Police in northern India have arrested five suspects in connection with a series of homemade bomb explosions this week near Amritsar’s Golden Temple, the holiest shrine in Sikhism.
Gaurav Yadav, police deputy commissioner in the state of Punjab, told a news conference Thursday that the blasts on May 6, May 8 and near midnight on May 10 occurred outside the temple, which houses Sikhism’s holy scripture.
In the first incident last Saturday, one of the suspects detonated a makeshift bomb containing about 200 grams of explosives after lowering it in a bag from the top of a building, he said.
The second bomb was detonated in a similar way in the dawn hours of Monday, he added. Police did not provide further details of the third explosion, or confirm the total number of injuries.
The Golden Temple is one of Punjab’s top attractions, famous for its gold-encrusted dome and surrounding clear waters. It has also witnessed violence in the past – the Indian army stormed the temple in 1984 and killed Jarnail Singh Bhindranwale, a leader of an outlawed separatist movement that seeks to establish a sovereign state for Sikhs called Khalistan.
And last January, a man was allegedly beaten to death after entering the temple, grabbing a bejeweled ceremonial sword and swinging it over his head – before being overpowered by devotees.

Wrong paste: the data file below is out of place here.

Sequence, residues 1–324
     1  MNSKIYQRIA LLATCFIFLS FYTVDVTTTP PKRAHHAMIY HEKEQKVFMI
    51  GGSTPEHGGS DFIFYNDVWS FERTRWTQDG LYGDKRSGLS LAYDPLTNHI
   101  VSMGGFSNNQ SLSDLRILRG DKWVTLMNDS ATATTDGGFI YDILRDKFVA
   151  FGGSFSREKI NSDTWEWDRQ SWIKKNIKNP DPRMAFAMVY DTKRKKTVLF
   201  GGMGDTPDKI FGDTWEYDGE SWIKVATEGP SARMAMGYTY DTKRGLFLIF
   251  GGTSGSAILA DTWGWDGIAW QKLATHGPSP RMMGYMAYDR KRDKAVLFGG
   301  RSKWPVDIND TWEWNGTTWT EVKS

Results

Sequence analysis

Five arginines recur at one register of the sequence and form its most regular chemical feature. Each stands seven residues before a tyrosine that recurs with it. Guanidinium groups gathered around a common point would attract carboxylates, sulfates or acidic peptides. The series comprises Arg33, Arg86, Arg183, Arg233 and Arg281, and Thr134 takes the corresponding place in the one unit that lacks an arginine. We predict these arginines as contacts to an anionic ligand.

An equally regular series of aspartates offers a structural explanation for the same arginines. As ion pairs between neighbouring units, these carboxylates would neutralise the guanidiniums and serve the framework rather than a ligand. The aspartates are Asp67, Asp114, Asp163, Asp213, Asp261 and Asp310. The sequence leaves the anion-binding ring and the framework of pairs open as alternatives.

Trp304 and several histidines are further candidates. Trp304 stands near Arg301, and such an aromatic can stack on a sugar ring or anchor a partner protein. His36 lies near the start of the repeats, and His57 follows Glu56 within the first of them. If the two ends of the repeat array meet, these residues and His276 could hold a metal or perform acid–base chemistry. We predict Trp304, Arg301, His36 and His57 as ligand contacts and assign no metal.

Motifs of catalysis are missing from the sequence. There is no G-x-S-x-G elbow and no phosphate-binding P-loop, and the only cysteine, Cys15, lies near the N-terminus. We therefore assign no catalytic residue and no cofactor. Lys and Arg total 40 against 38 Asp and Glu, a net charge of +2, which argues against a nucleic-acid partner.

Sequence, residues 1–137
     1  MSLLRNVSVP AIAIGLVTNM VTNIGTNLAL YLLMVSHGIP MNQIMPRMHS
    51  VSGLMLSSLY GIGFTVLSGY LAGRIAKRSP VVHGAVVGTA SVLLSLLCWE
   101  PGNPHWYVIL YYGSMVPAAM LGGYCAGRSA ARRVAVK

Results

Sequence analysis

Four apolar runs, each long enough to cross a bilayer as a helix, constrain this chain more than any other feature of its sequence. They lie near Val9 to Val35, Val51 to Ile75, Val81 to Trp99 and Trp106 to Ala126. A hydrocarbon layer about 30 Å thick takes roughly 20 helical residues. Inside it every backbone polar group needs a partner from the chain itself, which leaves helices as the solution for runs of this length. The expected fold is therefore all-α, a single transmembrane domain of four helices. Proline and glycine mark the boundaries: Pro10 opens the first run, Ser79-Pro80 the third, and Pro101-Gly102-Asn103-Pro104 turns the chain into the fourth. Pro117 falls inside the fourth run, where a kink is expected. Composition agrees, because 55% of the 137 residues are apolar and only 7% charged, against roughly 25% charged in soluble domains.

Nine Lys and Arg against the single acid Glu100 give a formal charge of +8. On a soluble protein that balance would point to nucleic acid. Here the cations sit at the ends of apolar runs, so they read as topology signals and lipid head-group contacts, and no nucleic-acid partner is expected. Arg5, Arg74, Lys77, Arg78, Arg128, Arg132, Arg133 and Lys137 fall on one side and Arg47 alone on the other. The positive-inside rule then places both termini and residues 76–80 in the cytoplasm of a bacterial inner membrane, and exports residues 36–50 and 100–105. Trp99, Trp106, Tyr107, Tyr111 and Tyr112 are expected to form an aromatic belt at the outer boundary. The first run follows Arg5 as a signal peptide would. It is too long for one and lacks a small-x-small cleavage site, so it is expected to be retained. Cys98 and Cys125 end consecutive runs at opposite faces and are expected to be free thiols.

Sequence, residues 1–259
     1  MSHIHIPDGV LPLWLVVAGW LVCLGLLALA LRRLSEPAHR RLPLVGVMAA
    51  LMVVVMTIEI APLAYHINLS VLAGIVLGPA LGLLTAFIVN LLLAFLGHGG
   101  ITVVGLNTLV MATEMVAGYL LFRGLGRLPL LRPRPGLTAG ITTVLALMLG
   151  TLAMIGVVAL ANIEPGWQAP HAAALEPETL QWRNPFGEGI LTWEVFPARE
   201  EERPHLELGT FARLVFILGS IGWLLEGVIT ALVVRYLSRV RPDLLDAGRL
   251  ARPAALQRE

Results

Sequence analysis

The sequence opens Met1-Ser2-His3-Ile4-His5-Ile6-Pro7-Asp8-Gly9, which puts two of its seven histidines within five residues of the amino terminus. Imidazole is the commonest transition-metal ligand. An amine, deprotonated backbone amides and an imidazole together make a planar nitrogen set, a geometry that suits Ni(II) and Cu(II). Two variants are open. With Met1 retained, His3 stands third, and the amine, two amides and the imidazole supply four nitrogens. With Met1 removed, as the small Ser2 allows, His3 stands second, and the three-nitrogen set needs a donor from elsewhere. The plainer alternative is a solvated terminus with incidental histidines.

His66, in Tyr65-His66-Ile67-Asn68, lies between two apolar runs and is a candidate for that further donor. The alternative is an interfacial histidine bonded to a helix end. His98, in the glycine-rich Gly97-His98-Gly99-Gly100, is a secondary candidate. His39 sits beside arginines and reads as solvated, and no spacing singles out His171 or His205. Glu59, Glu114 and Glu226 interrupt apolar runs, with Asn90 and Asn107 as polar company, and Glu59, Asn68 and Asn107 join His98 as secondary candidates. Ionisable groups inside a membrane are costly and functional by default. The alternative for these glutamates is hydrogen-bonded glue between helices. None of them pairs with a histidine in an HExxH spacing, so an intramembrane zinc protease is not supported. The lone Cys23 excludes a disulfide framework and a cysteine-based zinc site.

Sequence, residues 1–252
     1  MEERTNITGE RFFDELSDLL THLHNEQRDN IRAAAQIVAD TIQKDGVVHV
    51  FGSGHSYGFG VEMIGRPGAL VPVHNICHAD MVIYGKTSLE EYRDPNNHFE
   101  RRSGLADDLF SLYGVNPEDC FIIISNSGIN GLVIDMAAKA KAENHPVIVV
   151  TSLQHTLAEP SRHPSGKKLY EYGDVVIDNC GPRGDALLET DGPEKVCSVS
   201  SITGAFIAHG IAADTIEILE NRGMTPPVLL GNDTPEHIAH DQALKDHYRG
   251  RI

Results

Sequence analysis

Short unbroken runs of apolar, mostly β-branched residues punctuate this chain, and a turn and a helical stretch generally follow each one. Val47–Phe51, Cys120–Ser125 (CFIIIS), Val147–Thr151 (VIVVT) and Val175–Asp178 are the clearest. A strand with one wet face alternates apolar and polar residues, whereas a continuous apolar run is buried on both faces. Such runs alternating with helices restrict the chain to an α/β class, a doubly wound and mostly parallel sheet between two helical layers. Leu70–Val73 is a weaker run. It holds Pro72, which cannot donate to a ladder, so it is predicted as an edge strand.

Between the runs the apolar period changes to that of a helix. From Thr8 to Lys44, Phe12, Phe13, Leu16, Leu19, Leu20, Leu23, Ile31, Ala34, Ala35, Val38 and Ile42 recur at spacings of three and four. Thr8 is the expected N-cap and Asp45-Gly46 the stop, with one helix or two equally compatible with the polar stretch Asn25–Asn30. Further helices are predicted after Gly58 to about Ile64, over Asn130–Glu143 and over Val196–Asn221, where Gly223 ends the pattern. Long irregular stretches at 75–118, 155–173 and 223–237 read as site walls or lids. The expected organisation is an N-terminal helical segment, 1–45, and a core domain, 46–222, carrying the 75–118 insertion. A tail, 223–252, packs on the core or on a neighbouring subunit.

Yadav said police used CCTV footage from the third explosion to track down the suspects and make arrests on Thursday.
Two of the five suspects are accused of assembling the bombs and carrying out the explosions, while the other two allegedly helped supply the materials; police are also questioning the wife of one suspect. Police have seized their electronic devices and phones, Yadav said.
The five suspects “have confessed that they were behind all three explosions,” Yadav said, calling the arrests a “breakthrough.”
Sikhs are a minority in India, but account for nearly 60% of Punjab’s 28 million population. They are among a number of minority groups to express concerns over a rise in hate crimes in recent years amid simmering religious tensions in the country.
Yadav said it was too early to speculate about a motive for the blasts and an investigation was ongoing.
“After detailed questioning, we will establish their motive. Why this location was selected … we will examine all the material we have from them,” he said.